New German Critique Reflection Habermas Quote Analysis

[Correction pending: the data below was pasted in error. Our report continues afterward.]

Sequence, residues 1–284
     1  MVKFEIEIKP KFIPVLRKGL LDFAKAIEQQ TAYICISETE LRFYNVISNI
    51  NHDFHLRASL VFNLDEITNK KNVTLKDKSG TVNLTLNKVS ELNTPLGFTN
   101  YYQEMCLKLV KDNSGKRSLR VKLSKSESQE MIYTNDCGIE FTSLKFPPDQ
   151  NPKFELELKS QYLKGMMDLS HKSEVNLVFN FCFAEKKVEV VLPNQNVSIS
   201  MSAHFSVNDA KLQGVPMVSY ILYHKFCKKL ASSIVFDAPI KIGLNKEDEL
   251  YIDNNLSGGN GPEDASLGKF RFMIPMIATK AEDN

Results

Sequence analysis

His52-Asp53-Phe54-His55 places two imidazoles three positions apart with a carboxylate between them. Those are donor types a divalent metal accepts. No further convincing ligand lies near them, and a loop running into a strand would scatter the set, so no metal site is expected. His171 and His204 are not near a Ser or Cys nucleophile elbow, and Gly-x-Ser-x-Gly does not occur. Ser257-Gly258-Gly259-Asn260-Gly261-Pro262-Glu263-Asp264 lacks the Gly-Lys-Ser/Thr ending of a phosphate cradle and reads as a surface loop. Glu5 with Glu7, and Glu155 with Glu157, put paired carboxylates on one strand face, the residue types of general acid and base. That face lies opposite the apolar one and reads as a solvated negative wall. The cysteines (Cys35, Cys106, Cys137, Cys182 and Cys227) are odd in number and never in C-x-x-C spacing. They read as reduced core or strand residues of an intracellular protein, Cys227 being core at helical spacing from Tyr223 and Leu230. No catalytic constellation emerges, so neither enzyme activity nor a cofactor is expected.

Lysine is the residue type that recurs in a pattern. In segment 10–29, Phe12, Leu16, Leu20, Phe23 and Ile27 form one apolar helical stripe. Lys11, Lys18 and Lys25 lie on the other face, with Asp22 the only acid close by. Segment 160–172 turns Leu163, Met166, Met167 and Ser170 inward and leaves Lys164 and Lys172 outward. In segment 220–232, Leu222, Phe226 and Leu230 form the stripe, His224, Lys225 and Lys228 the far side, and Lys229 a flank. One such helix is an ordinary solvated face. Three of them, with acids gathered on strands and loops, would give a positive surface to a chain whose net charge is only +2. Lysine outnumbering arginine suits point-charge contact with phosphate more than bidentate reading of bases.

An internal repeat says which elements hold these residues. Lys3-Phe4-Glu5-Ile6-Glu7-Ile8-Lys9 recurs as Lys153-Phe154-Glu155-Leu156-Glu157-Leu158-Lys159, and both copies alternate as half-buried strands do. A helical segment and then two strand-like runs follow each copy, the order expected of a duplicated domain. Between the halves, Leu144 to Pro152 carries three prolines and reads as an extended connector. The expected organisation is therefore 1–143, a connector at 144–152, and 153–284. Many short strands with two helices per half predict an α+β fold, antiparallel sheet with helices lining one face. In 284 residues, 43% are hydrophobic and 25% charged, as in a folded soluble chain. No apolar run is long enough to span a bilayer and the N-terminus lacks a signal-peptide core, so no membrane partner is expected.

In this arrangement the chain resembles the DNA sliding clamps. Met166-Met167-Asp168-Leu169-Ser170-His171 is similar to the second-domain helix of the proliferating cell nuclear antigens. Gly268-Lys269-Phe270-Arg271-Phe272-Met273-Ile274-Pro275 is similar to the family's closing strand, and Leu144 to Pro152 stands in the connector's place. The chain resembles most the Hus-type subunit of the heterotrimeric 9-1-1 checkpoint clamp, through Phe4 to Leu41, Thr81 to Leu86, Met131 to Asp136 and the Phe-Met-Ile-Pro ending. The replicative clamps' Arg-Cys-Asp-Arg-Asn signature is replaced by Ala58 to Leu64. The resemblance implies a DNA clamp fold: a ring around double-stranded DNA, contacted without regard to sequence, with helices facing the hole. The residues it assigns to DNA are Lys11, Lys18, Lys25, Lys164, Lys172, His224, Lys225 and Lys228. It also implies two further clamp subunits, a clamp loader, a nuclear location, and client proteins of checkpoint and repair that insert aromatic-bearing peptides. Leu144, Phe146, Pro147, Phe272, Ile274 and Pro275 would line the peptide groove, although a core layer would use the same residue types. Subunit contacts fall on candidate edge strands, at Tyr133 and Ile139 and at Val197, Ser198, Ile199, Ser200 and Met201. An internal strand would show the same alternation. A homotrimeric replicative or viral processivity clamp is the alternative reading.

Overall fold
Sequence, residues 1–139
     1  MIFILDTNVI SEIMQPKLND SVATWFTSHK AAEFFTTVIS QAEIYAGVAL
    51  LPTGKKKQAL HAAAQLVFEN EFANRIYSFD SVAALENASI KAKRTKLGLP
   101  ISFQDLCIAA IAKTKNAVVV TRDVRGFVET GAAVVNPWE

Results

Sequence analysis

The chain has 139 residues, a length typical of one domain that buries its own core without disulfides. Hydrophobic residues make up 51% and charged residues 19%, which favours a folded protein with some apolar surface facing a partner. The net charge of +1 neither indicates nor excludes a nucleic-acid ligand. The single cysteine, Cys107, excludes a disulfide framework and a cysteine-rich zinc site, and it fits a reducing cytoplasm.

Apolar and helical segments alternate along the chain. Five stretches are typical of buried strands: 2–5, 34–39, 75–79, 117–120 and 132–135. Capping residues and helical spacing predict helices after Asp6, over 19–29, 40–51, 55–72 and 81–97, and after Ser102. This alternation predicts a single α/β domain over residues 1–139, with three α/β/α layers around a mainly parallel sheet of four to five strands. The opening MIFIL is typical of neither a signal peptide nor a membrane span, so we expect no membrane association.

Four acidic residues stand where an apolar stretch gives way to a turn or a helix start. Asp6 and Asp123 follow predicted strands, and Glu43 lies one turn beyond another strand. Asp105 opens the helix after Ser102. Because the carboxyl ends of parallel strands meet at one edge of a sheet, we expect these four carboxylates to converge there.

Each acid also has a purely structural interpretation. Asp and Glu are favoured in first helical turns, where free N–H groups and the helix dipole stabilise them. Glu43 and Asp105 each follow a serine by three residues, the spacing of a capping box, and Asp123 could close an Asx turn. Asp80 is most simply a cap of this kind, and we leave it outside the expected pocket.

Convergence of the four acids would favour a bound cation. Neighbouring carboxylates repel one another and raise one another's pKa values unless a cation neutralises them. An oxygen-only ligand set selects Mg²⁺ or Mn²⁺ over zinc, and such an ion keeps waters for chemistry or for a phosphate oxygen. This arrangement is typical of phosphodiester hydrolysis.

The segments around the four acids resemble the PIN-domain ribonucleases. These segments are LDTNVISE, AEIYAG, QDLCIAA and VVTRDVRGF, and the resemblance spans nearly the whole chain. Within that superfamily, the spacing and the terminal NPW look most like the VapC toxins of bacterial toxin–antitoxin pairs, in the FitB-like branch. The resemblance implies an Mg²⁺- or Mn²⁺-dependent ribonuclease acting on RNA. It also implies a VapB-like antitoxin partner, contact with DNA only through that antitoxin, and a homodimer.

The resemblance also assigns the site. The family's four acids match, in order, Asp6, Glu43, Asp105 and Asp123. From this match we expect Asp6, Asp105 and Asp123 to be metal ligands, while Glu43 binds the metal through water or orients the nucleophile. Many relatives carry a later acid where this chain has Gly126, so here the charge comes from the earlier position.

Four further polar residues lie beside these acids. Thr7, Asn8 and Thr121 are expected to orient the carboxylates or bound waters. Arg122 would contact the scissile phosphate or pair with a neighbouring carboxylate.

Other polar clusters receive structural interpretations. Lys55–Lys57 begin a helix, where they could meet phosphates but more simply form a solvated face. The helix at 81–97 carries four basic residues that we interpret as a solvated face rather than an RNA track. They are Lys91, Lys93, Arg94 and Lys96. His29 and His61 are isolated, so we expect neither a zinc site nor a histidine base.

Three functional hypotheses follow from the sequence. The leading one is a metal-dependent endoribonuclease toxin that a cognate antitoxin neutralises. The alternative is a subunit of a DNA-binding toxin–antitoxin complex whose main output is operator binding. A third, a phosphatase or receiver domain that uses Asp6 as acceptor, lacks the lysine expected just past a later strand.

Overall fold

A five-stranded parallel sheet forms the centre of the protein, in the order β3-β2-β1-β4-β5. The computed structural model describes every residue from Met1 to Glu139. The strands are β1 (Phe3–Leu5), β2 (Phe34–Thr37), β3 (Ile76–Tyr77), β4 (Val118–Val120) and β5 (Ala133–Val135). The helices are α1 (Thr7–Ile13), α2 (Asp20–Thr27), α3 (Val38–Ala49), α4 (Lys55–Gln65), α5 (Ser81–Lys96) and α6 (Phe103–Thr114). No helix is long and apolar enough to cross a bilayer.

New German Critique Reflection Habermas Quote Analysis The Public Sphere: An Encyclopedia Article (1964) Author(s): Jürgen Habermas, Sara Lennox, Frank Lennox Source: New German Critique, No. 3 (Autumn, 1974), pp. 49-55 Published by: New German Critique Stable URL: http://www.jstor.org/stable/487737 Accessed: 24/02/2010 17:37 Your use of the JSTOR archive indicates your acceptance of JSTOR’s Terms and Conditions of Use, available at http://www.jstor.org/page/info/about/policies/terms.jsp. JSTOR’s Terms and Conditions of Use provides, in part, that unless you have obtained prior permission, you may not download an entire issue of a journal or multiple copies of articles, and you may use content in the JSTOR archive only for your personal, non-commercial use. Please contact the publisher regarding any further use of this work. Publisher contact information may be obtained at http://www.jstor.org/action/showPublisher?publisherCode=ngc. Each copy of any part of a JSTOR transmission must contain the same copyright notice that appears on the screen or printed page of such transmission. JSTOR is a not-for-profit service that helps scholars, researchers, and students discover, use, and build upon a wide range of content in a trusted digital archive. We use information technology and tools to increase productivity and facilitate new forms of scholarship. For more information about JSTOR, please contact support@jstor.org. New German Critique is collaborating with JSTOR to digitize, preserve and extend access to New German Critique. http://www.jstor.org The Public Sphere: An Encyclopedia Article (1964)* byJiirgen Habermas 1. The Concept. By “the public sphere” we mean first of all a realm of our social life in which something approaching public opinion can be formed. Access is guaranteed to all citizens. A portion of the public sphere comes into being in every conversation in which private individuals assemble to form a public body.1 They then behave neither like business or professional people transacting private affairs, nor like members of a constitutional order subject to the legal constraints of a state bureaucracy. Citizens behave as a public body when they confer in an unrestricted fashion-that is, with the guarantee of freedom of assembly and association and the freedom to express and publish their opinions-about matters of general interest. In a large public body this kind of communication requires specific means for transmitting information and influencing those who receive it. Today newspapers and magazines, radio and television are the media of the public sphere. We speak of the political public sphere in contrast, for instance, to the literary one, when public discussion deals with objects connected to the activity of the state. Although state authority is so to speak the executor of the political public sphere, it is not a part of it.2 To be sure, state authority is usually considered “public” authority, but it derives its task of caring for the well-being of all citizens primarily from this aspect of the public sphere. Only when the exercise of political control is effectively subordinated to the democratic demand that information be accessible to the public, does the political public sphere win an institutionalized influence over the government through the instrument of law-making bodies. The expression “public opinion” refers to the tasks of criticism and control which a public body of citizens informally-and, in periodic elections, formally as wellpractices vis-a-vis the ruling structure organized in the form of a state. Regulations demanding that certain proceedings be public (Publizitatsvor* Originally appeared in Fischer Lexicon, Staat und Politik, new edition (Frankfurt am Main, 1964), pp. 220-226. 1. Habermas’ concept of the public sphere is not to be equated with that of “the public,” i.e. of the individuals who assemble. His concept is directed instead at the institution, which to be sure only assumes concrete form through the participation of people. It cannot, however, be characterized simply as a crowd. (This and the following notes by Peter Hohendahl.) 2. The state and the public sphere do not overlap, as one might suppose from casual language use. Rather they confront one another as opponents. Habermas designates that sphere as public which antiquity understood to be private, i.e. the sphere of non-governmental opinion making. 50 NEW GERMAN CRITIQUE schriften), for example those providing for open court hearings, are also related to this function of public opinion. The public sphere as a sphere which mediates between society and state, in which the public organizes itself as the bearer or public opinion, accords with the principle of the public sphere3- that principle of public information which once had to be fought for against the arcane policies of monarchies and which since that time has made possible the democratic control of state activities. It is no coincidence that these concepts of the public sphere and public opinion arose for the first time only in the eighteenth century. They acquire their specific meaning from a concrete historical situation. It was at that time that the distinction of “opinion” from “opinion publique” and “public opinion” came about. Though mere opinions (cultural assumptions, normative attitudes, collective prejudices and values) seem to persist unchanged in their natural form as a kind of sediment of history, public opinion can by definition only come into existence when a reasoning public is presupposed. Public discussions about the exercise of political power which are both critical in intent and institutionally guaranteed have not always existed-they grew out of a specific phase of bourgeois society and could enter into the order of the bourgeois constitutional state only as a result of a particular constellation of interests. 2. History. There is no indication European society of the high middle ages possessed a public sphere as a unique realm distinct from the private sphere. Nevertheless, it was not coincidental that during that period symbols of sovereignty, for instance the princely seal, were deemed “public.” At that time there existed a public representation of power. The status of the feudal lord, at whatever level of the feudal pyramid, was oblivious to the categories “public” and “private,” but the holder of the position represented it publicly: he showed himself, presented himself as the embodiment of an ever present “higher” power. The concept of this representation has been maintained up to the most recent constitutional history. Regardless of the degree to which it has loosed itself from the old base, the authority of political power today still demands a representation at the highest level by a head of state. Such elements, however, derive from a pre-bourgeois social 3. The principle of the public sphere could still be distinguished from an institution which is demonstrable in social history. Habermas thus would mean a model of norms and modes of behavior by means of which the very functioning of public opinion can be guaranteed for the first time. These norms and modes of behavior include: a) general accessibility, b) elimination of all privileges and c) discovery of general norms and rational legitimations. THE PUBLIC SPHERE 51 structure. Representation in the sense of a bourgeois public sphere,4 for instance the representation of the nation or of particular mandates, has nothing to do with the medieval representative public sphere–a public sphere directly linked to the concrete existence of a ruler. As long as the prince and the estates of the realm still “are” the land, instead of merely functioning as deputies for it, they are able to “re-present”; they represent their power “before” the people, instead of for the people. The feudal authorities (church, princes and nobility), to which the representative public sphere was first linked, disintegrated during a long process of polarization. By the end of the eighteenth century they had broken apart into private elements on the one hand, and into public on the other. The position of the church changed with the reformation: the link to divine authority which the church represented, that is, religion, became a private matter. So-called religious freedom came to insure what was historically the first area of private autonomy. The church itself continued its existence as one public and legal body among others. The corresponding polarization within princely authority was visibly manifested in the separation of the public budget from the private household expenses of a ruler. The institutions of public authority, along with the bureaucracy and the military, and in part also with the legal institutions, asserted their independence from the privatized sphere of the princely court. Finally, the feudal estates were transformed as well: the nobility became the organs of public authority, parliament and the legal institutions; while those occupied in trades and professions, insofar as they had already established urban corporations and territorial organizations, developed into a sphere of bourgeois society which would stand apart from the state as a genuine area of private autonomy. The representative public sphere yielded to that new sphere of “public authority” which came into being with national and territorial states. Continuous state activity (permanent administration, standing army) now corresponded to the permanence of the relationships which with the stock exchange and the press had developed within the exchange of commodities and information. Public authority consolidated into a concrete opposition for those who were merly subject to it and who at first found only a negative definition of themselves within it. These were the “private individuals” who were excluded from public authority because they held no office. “Public” 4. The expression “represent” is used in a very specific sense in the following section, namely to “present oneself.” The important thing to understand is that the medieval public sphere, if it even deserves this designation, is tied to the personal. The feudal lord and estates create the public sphere by means of their very presence. 52 NEW GERMAN CRITIQUE no longer referred to the “representative”court of a prince endowed with authority, but rather to an institution regulated according to competence, to an apparatus endowed with a monopoly on the legal exertion of authority. Private individuals subsumed in the state at whom public authority was directed now made up the public body. Society, now a private realm occupying a position in opposition to the state, stood on the one hand as if in clear contrast to the state. On the other hand, that society had become a concern of public interest to the degree that the reproduction of life in the wake of the developing market economy had grown beyond the bounds of private domestic authority. The bourgeois public sphere could be understood as the sphere of private individuals assembled into a public body, which almost immediately laid claim to the officially regulated “intellectual newspapers” for use against the public authority itself. In those newspapers, and in moralistic and critical journals, they debated that public authority on the general rules of social intercourse in their fundamentally privatized yet publically relevant sphere of labor and commodity exchange. 3. The Liberal Model of the Public Sphere. The medium of this debatepublic discussion-was unique and without historical precedent. Hitherto the estates had negotiated agreements with their princes, settling their claims to power from case to case. This development took a different course in England, where the parliament limited royal power, than it did on the continent, where the monarchies mediatized the estates. The third estate then broke with this form of power arrangement since it could no longer establish itself as a ruling group. A division of power by means of the delineation of the rights of the nobility was no longer possible within an exchange economy-private authority over capitalist property is, after all, unpolitical. Bourgeois individuals are private individuals. As such, they do not “rule.” Their claims to power vis-d-vis public authority were thus directed not against the concentration of power, which was to be “shared.” Instead, their ideas infiltrated the very principle on which the existing power is based. To the principle of the existing power, the bourgeois public opposed the principle of supervision-that very principle which demands that proceedings be made public (Publizitat). The principle of supervision is thus a means of transforming the nature of power, not merely one basis of legitimation exchanged for another. In the first modern constitutions the catalogues of fundamental rights were a perfect image of the liberal model of the public sphere: they guaranteed the society as a sphere of private autonomy and the restriction of THE PUBLIC SPHERE 53 public authority to a few functions. Between these two spheres, the constitutions further insured the existence of a realm of private individuals assembled into a public body who as citizens transmit the needs of bourgeois society to the state, in order, ideally, to transform political into “rational” authority within the medium of this public sphere. The general interest, which was the measure of such a rationality, was then guaranteed, according to the presuppositions of a society of free commodity exchange, when the activities of private individuals in the marketplace were freed from social compulsion and from political pressure in the public sphere. At the same time, daily political newspapers assumed an important role. In the second half of the eighteenth century literary journalism created serious competition for the earlier news sheets which were mere compilations of notices. Karl Biicher characterized this great development as follows: “Newspapers changed from mere institutions for the publication of news into bearers and leaders of public opinion-weapons of party politics. This transformed the newspaper business. A new element emerged between the gathering and the publication of news: the editorial staff. But for the newspaper publisher it meant that he changed from a vendor of recent news to a dealer in public opinion.” The publishers insured the newspapers a commercial basis, yet without commercializing them as such. The press remained an institution of the public itself, effective in the manner of a mediator and intensifier of public discussion, no longer a mere organ for the spreading of news but not yet the medium of a consumer culture. This type of journalism can be observed above all during periods of revolution when newspapers of the smallest political groups and organizations spring up, for instance in Paris in 1789. Even in the Paris of 1848 every half-way eminent politician organized his club, every other his journal: 450 clubs and over 200 journals were established there between February and May alone. Until the permanent legalization of a politically functional public sphere, the appearance of a political newspaper meant joining the struggle for freedom and public opinion, and thus for the public sphere as a principle. Only with the establishment of the bourgeois constitutional state was the intellectual press relieved of the pressure of its convictions. Since then it has been able to abandon its polemical position and take advantage of the earning possibilities of a commercial undertaking. In England, France, and the United States the transformation from a journalism of conviction to one of commerce began in the 1830s at approximately the same time. In the transition from the literary journalism of private individuals to the public services of the mass media the public sphere was transformed by the influx of private interests, which received special prominence in the mass media. 54 NEW GERMAN CRITIQUE 4. The Public Sphere in the Social Welfare State Mass Democracy. Although the liberal model of the public sphere is still instructive today with respect to the normative claim that information be accessible to the public,5 it cannot be applied to the actual conditions of an industrially advanced mass democracy organized in the form of the social welfare state. In part the liberal model had always included ideological components, but it is also in part true that the social pre-conditions, to which the ideological elements could at one time at least be linked, had been fundamentally transformed. The very forms in which the public sphere manifested itself, to which supporters of the liberal model could appeal for evidence, began to change with the Chartist movement in England and the February revolution in France. Because of the diffusion of press and propaganda, the public body expanded beyond the bounds of the bourgeoisie. The public body lost not only its social exclusivity; it lost in addition the coherence created by bourgeois social institutions and a relatively high standard of education. Conflicts hitherto restricted to the private sphere now intrude into the public sphere. Group needs which can expect no satisfaction from a selfregulating market now tend towards a regulation by the state. The public sphere, which must now mediate these demands, becomes a field for the competition of interests, competitions which assume the form of violent conflict. Laws which obviously have come about under the “pressure of the’ street” can scarcely still be understood as arising from the consensus of private individuals engaged in public discussion. They correspond in a more or less unconcealed manner to the compromise of conflicting private interests. Social organizations which deal with the state act in the political public sphere, whether through the agency of political parties or directly in connection with the public administration. With the interweaving of the public and private realm, not only do the political authorities assume certain functions in the sphere of commodity exchange and social labor, but conversely social powers now assume political functions. This leads to a kind of “refeudalization” of the public sphere. Large organizations strive for political compromises with the state and with each other, excluding the public sphere whenever possible. But at the same time the large organizations must assure themselves of at least plebiscitary support from the mass of the population through an apparent display of openness (demonstrative Publizitat).6 5. Here it should be understood that Habermas considers the principle behind the bourgeois public sphere as indispensable, but not its historical form. 6. One must distinguish between Habermas’ concept of “making proceedings public” THE PUBLIC SPHERE 55 The political public sphere of the social welfare state is characterized by a peculiar weakening of its critical functions. At one time the process of making proceedings public (Publizitat) was intended to subject persons or affairs to public reason, and to make political decisions subject to appeal before the court of public opinion. But often enough today the process of making public simply serves the arcane policies of special interests; in the form of “publicity”it wins public prestige for people or affairs, thus making them worthy of acclamation in a climate of non-public opinion. The very words “public relations work” (Oeffentlichkeitsarbeit) betray the fact that a public sphere must first be arduously constructed case by case, a public sphere which earlier grew out of the social structure. Even the central relationship of the public, the parties and the parliament is affected by this change in function. Yet this trend towards the weakening of the public sphere as a principle is opposed by the extension of fundamental rights in the social welfare state. The demand that information be accessible to the p …